The clay soil of my father's vegetable garden was tangerine-colored, as hard as roof tile during dry times and sloppy-sticky in wet ones. It permanently stained round spots on the knees of his work pants and, when mixed with sweat, painted streaks on his freckled arms, like cheap self-tanning lotion.
Any shoes worn into the garden were no use for anything else after, since they were tinted grainy orange and so caked with dirt that it would take a sharp stick and lots of digging to pry it off. They were left at the back door, to get rained on or tossed back into the shed.
You couldn't scrape the Piedmont North Carolina clay off my father, either.
At its height, the garden took up about a quarter acre of the back yard, so big that he paid a man from the cattle farm across the road to plow it up with a tractor in the spring. Even as my father aged and shrank, there were always a few tomato plants; maybe a little leaf lettuce.
He never completely let go of the earth, until they put him in it.
My father was born in summer and died on a fall day, but spring is when I think of him. The prospect of another season of corn, tomatoes, green onions, squash, black-eyed peas and all the other vegetables he grew made him sparkle and practically bounce around. He handled his garden the way a potter molds his medium into something that can be a thing of beauty but is, at heart, useful.
When my husband and I bought our house, more than 15 years ago, there wasn't enough sun to plan on a good vegetable garden. I planted drifts of azaleas, rhododendrons and camellias, with daffodils of all sorts. My father looked at my several weekends' worth of work and said, "How come you don't plant anything you can eat?" That's the kind of question that growing up on a farm during the Depression will keep in your mind, I suppose.
My father didn't go to church. I think the garden was sort of his church. They say there are no atheists in foxholes, and I suspect there are few nonbelievers digging rows for corn or peppers, either. Growing food is an act of faith and patience.
You'd think cooking could foster patience in a similar way. Cooking takes raw ingredients and combines them into something way beyond the sum of their parts. I wait for the final result, knowing that flavors taste different at the beginning of the process than they will at the end. That's true in simmering a tomato sauce, for example.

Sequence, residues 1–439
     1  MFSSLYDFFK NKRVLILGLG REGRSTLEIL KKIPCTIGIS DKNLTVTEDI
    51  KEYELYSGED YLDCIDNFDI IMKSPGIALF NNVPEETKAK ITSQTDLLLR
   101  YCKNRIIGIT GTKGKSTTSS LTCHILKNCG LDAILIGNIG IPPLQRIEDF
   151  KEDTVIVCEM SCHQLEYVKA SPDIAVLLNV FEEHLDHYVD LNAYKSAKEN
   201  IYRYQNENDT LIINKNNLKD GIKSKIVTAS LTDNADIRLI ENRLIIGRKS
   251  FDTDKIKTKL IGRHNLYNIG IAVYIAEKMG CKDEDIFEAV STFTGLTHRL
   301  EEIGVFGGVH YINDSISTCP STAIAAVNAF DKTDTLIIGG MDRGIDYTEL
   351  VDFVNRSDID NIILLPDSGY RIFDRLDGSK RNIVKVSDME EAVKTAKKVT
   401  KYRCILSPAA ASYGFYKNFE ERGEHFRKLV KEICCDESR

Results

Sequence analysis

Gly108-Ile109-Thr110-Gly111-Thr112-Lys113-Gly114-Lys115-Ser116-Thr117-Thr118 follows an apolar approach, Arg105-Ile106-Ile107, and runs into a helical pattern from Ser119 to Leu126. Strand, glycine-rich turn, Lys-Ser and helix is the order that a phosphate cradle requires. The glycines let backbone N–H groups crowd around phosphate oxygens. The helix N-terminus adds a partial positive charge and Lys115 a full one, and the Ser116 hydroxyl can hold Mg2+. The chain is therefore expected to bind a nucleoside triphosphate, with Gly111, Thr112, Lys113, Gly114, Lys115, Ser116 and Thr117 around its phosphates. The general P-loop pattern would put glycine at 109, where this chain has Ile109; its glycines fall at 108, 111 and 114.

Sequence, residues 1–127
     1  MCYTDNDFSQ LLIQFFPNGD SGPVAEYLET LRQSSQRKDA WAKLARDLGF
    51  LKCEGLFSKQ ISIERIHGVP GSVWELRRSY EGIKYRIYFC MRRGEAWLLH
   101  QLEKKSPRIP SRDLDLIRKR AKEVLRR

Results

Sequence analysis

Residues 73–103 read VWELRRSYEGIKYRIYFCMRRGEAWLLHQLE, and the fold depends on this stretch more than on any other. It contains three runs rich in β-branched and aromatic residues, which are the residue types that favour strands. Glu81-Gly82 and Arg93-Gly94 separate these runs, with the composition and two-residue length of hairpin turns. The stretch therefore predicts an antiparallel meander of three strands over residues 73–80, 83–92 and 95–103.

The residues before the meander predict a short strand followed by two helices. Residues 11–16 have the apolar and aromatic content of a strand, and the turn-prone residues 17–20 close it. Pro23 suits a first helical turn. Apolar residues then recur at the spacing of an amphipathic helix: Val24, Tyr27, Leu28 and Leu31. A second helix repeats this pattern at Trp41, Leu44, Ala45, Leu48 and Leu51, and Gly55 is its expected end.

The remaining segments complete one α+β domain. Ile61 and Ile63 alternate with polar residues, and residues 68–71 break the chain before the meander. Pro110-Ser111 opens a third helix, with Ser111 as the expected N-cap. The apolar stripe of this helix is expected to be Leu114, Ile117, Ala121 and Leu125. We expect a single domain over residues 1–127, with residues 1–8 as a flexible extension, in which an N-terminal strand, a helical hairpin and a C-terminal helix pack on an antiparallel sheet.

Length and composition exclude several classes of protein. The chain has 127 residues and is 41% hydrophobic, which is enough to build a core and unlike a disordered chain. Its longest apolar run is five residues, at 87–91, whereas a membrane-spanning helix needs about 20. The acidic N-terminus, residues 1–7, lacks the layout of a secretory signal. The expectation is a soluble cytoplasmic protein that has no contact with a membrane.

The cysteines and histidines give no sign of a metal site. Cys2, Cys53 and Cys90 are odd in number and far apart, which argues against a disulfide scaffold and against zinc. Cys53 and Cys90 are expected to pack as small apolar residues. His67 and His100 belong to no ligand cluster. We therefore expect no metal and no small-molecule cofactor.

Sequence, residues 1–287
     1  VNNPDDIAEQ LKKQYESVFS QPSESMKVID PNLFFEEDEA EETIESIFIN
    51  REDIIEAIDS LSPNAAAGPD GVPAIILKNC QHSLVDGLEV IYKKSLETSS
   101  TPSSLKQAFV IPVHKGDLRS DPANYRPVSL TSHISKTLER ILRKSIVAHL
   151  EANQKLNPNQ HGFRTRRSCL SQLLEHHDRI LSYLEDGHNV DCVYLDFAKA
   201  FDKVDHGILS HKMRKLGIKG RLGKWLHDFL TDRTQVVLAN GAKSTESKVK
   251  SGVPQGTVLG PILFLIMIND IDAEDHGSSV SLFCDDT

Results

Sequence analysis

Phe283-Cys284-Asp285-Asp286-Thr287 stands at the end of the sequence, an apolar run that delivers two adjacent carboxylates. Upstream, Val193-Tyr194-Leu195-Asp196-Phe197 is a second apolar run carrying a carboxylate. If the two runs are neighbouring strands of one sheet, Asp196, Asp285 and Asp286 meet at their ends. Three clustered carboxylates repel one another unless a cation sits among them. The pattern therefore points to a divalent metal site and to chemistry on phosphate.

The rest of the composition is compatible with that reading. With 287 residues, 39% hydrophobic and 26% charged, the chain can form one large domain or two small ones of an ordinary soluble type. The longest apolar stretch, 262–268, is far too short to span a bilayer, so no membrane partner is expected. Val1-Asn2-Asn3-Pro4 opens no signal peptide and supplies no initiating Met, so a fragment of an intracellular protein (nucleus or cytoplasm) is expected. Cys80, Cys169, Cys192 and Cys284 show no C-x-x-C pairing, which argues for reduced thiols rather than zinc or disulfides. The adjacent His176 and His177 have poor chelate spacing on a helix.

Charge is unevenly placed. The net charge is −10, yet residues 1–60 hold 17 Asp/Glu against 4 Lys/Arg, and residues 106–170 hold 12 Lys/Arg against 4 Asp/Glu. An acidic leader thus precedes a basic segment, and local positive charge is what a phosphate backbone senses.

Baking is a miracle of chemistry, with no way to predict by just looking at the components that flour, butter and other powders and potions would yield a golden pound cake.
But patience in my kitchen hours hasn't carried over. I am an impatient gardener. Now that I've had some trees removed for more sun, I buy tomato plants nearly big enough to fruit, and fret over them. My father only purchased small bedding plants where absolutely necessary -- tomatoes and bell peppers, mainly. He grew everything else from seed. He thought plants were too expensive and that you'd get more than enough plants from a little seed packet.
Early planting meant trips to the feed store, an exotic land populated by men with clay-caked boots who patted little girls on the head and let them play in the bin of seed corn. The big, hard kernels reminded me of horse's teeth, and the seed beans looked just like the ones my mother soaked and cooked for dinner. But you can't plant them, my father said; they were different.
I often asked to plant things from the kitchen, which obviously would never come up. Instead of saying no, my father said, "Let's see what happens." For the record, popcorn kernels from the supermarket bag will not sprout popcorn plants, nor will seeds from a lemon or orange out of the refrigerator grow anywhere near the point of producing fruit. But we never knew -- one day, things might be different.
Farmers, of either the backyard or lower-40 variety, are some of the most optimistic people I know. They know the thousands of things that can go wrong -- beetles, drought, fungus, flood -- and assume that at least some of those things will. An organic farmer once told me that she didn't feel too bad if a bug got her crop because at least it wasn't something she did wrong. That's a positive outlook.
Farmers rub the sides of their faces with their hands and go right on planting every spring. Like my father, leaving tender tomato plants wide room to grow and putting cucumber seeds in raised hills, so the heavily laden vines of July would be able to flow down.
The gray-black soil of my back yard dustily crumbles when dry, just before turning to concrete. Even wet, it leaves no permanent mark and is easily brushed away from my shoes and pants before I walk into the kitchen.
But I will dig deep. Last summer, I picked my first tomatoes: Early Girls and Brandywines. Their skins were as smooth and warm as a baby's bottom; small miracles in which I felt I had little hand.